• How long does Zoloft take to work? In clinical studies, researchers didn’t measure how long it took Zoloft to start working for any of the conditions it’s approved to treat. You may notice improvements in your symptoms within 2 weeks, or it may take longer for your symptoms to get better. Some people need to take drugs such as Zoloft for up to 8 weeks before the drug begins to noticeably reduce symptoms. You can talk with your medical professional or pharmacist if you have more questions about how long Zoloft takes to work.
  • What’s the best time of day to take Zoloft? There’s no best time of day to take Zoloft. People in clinical studies took their dose in the morning or evening. It’s recommended that you take your Zoloft dose at the time that works best for you, or at the time your medical professional advises. It’s also best to take Zoloft at about the same time each day.
  • What should I do if I miss a dose of Zoloft? If you miss a dose of Zoloft, try and take it as soon as you remember. But if it’s almost time for your next dose, it’s recommended that you skip the missed dose and take your next scheduled dose. Do not take two doses to try and make up for the missed dose. This could increase your risk for side effects.
  • Is Zoloft meant for long-term use? If you and your medical professional agree Zoloft is working well to treat your condition, you’ll likely take it long-term.
  • Can you chew, split, or crush Zoloft tablets? You can split Zoloft tablets, as long as the tablets have a score (an indented line in the middle of the tablet). But it’s recommended that you talk with your pharmacist before chewing or crushing Zoloft to make sure this is safe.
  • Should you take Zoloft with food? You may take Zoloft with or without food.
What should you ask your medical professional?

It’s common to have questions about your treatment plan for Zoloft. Your medical professional is there to work with you and help address any concerns you have.

To help guide your discussion, here are some suggestions:

  • Try writing down questions you have before your visit. For example, “How will taking Zoloft affect my mood, body, and lifestyle?”
  • Think about asking a loved one or friend to come with you to your appointment. Having in-person support may help you feel more at ease.
  • Keep in mind that if your medical professional says something that’s unclear, you can always ask them to explain it.

Working with your healthcare team may help you stay on track with your treatment. The team wants you to get the best care possible.

Zoloft is approved to some types of anxiety, specifically:

  • Social anxiety disorder. Zoloft is used to treat social anxiety disorder in adults. This condition causes fear or anxiety involving social situations. You may fear being scrutinized or judged negatively by others.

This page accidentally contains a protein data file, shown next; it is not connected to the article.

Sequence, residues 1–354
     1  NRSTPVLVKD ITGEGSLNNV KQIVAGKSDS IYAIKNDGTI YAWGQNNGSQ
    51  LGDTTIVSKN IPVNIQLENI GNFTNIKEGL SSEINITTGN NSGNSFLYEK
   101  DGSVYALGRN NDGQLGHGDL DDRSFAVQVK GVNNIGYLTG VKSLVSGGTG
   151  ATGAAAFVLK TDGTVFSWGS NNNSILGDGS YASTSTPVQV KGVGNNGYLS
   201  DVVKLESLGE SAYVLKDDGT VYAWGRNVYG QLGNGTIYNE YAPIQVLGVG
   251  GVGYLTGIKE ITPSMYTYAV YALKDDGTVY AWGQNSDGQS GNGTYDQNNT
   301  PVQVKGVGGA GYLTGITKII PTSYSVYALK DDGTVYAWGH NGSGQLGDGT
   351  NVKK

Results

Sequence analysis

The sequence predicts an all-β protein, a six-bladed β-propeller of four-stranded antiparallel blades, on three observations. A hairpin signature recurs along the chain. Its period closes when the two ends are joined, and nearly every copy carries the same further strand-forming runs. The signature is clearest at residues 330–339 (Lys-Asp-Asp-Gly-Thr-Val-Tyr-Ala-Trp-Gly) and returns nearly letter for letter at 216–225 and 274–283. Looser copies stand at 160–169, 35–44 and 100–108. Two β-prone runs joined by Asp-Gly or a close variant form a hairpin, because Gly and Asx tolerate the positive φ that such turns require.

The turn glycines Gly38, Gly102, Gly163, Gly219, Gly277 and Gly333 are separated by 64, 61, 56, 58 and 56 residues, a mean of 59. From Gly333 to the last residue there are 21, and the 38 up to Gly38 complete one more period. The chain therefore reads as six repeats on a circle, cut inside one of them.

• Panic disorder. Zoloft can be used to treat panic disorder in adults. This is a type of anxiety disorder. It causes panic attacks that are unexpected and that keep happening. Panic attacks are a sudden and intense surge of fear, often with a sense of lacking control over what’s happening. These often occur without a specific trigger.

It’s not entirely understood how Zoloft works to treat anxiety, but it may work by affecting the balance of certain chemicals in your brain.

Your medical professional or a pharmacist can provide more details about taking Zoloft to treat anxiety.

In addition to certain types of anxiety, Zoloft is also approved to treat the following conditions:

  • Obsessive-compulsive disorder (OCD). Zoloft is prescribed to treat OCD in adults, as well as children ages 6 years and older. With OCD, you have obsessions (intrusive thoughts that cause discomfort) and compulsions (actions that help relieve the stress and discomfort brought on by obsessions).
  • Major depressive disorder (MDD). Zoloft is prescribed to treat MDD in adults. MDD may also simply be called “depression.” MDD causes feelings like anger, loss, and sadness that interfere with your daily life on most days. Other symptoms can include digestive problems, trouble concentrating, and feeling more tired than usual.
  • Post-traumatic stress disorder (PTSD). Zoloft can be used to treat PTSD in adults. This condition is caused by exposure to a perceived or real threat. PTSD may cause you to re-experience a traumatic event over and over again. This may cause symptoms such as nightmares, intrusive thoughts, flashbacks, and intense feelings of guilt or sadness.
  • Premenstrual dysphoric disorder (PMDD). Zoloft is used to treat PMDD in adults. With PMDD, you have symptoms that begin just before your period, and end when your period ends. Symptoms may include depressed mood, feeling very agitated or anxious, and being more angry or irritated than usual. Changes in sleep and appetite can also be symptoms.

Your medical professional or a pharmacist can help you if you have questions about taking Zoloft for any of the above conditions.